When it Comes to Video Game Companies and Consumers, Fairness Never Enters Into it


At IGN, Audrey Drake lays out five reasons why having to rebuy virtual console games to get full Wii U functionality is entirely fair,

Look, I know all about being a petulant gamer who just wants all gaming companies to give me exactly what I want the moment I want it and totally free of charge. Having those thoughts is inevitable, especially for people who devote a large part of their free time to a singular hobby. But don’t confuse what you want with what you’re entitled to. Nintendo has the right to charge for the goods and services it offers. It’s called the free market, and it’s a beautiful thing. As a company (read: a business out to make money, not a magical, game-making fairy machine only out to give you free happiness) Nintendo has every right to charge consumers for a new service they’ve conceived. And consumers have every right to elect to buy into that service, or to make the personal call that the cost isn’t worth the return. It’s all really simple. And all very fair.”


On the one hand I’m not that concerned with throwing a few more bucks in order to get Wii U functionality. Should I desire to, I could still play all my virtual console games from my Wii on the Wii U using a special mode (I just wouldn’t be able to play them on the GamePad or interact with the Miiverse).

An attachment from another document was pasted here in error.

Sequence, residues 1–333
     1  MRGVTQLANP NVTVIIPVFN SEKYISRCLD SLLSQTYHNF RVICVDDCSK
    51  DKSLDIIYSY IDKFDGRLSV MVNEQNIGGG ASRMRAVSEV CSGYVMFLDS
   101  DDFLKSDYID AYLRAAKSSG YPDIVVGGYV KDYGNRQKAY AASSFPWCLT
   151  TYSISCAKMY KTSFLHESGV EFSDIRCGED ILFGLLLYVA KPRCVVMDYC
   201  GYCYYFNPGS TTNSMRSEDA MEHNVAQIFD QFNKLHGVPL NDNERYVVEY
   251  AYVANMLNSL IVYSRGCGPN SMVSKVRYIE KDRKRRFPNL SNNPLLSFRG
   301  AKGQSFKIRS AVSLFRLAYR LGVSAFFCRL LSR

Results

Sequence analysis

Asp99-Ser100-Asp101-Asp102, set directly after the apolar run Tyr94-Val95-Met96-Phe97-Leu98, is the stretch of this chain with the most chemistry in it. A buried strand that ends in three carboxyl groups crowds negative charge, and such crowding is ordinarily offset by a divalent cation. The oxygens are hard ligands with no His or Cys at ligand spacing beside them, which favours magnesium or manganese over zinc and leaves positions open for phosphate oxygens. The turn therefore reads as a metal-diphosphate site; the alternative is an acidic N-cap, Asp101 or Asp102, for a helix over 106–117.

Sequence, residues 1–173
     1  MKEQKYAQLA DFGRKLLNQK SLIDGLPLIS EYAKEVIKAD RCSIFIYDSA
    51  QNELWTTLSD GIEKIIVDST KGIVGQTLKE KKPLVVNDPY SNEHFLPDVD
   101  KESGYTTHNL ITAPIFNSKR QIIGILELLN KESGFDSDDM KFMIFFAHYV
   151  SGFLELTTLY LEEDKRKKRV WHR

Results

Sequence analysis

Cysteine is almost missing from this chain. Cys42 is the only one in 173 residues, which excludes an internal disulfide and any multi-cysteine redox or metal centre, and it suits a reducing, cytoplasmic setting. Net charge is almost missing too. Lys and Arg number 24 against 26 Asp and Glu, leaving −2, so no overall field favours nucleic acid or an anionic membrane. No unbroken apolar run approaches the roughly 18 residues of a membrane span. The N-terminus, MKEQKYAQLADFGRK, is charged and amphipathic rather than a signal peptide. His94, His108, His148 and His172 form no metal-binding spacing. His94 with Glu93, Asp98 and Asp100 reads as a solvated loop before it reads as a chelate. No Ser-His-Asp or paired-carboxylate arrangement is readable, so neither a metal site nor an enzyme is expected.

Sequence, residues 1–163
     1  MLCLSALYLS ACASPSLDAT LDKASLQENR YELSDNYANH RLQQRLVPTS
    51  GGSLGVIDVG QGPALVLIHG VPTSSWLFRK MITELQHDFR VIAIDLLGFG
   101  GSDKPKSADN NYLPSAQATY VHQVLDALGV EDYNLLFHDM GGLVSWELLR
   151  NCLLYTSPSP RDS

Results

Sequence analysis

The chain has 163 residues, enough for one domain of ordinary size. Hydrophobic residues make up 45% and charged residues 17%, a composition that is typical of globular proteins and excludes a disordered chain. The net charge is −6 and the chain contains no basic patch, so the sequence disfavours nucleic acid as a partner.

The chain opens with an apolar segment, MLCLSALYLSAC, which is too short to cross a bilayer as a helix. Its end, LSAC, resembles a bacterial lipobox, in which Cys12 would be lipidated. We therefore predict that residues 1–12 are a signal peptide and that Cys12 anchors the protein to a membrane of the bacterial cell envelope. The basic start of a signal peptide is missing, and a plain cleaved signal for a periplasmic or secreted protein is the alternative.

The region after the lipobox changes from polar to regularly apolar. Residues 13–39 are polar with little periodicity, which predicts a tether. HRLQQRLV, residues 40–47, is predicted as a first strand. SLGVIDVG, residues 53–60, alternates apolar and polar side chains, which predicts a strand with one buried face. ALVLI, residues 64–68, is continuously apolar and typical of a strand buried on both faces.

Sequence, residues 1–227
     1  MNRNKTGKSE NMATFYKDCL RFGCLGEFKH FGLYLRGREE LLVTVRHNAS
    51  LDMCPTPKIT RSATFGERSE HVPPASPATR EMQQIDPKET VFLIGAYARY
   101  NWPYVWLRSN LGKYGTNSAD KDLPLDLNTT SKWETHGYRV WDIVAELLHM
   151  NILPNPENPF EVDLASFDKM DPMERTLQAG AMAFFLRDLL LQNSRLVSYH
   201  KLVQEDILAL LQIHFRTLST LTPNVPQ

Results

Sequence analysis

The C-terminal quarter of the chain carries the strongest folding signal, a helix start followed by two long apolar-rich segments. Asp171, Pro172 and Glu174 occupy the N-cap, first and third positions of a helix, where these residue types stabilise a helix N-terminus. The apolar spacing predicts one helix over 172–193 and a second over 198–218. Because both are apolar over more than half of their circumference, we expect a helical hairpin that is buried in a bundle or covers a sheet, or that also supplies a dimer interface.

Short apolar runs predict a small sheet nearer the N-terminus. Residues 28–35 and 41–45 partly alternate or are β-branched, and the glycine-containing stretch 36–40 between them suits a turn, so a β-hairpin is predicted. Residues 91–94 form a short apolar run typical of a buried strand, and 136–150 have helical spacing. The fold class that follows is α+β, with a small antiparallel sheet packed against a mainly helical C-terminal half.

On the other, however, I think Drake commits a common mistake when she employs the “free market” as an explanation for why companies should be allowed to do as they wish, without recognizing that the same principle leaves consumers free to react however they see fit.


You can see my full rebuttal over IGN, but here’s the main thrust,

What some people often forget when discussing the business of video games is that the free market logic cuts both ways. Businesses have a right to sell whatever they want for however much they want. And consumers have a right to go elsewhere if their expectations aren’t met, and/or tell others that they should do so as well. Nintendo is entitled to not offer Cross-Buy, and consumers are entitled to punish their brand or their bottom-line for not doing so. That’s the free market.

You only get what you fight for and if Drake is satisfied with Nintendo’s current offering, than she’ll get just that. But if others aren’t, and remain unconvinced by the points she makes, that doesn’t make them entitled or unreasonable. It just means they have different expectations; a different breaking-point. I’m sure Drake has one as well. If the Wii U required you to not only rebuy old content in order to play it on the GamePad and with Miiverse, but also required a monthly fee for the on-going service, she might decide that that is her breaking-point—the point at which she as a consumer decides it’s just not enough, not because she’s entitled, but because she’s a consumer, and that’s how consumers in a free market act.”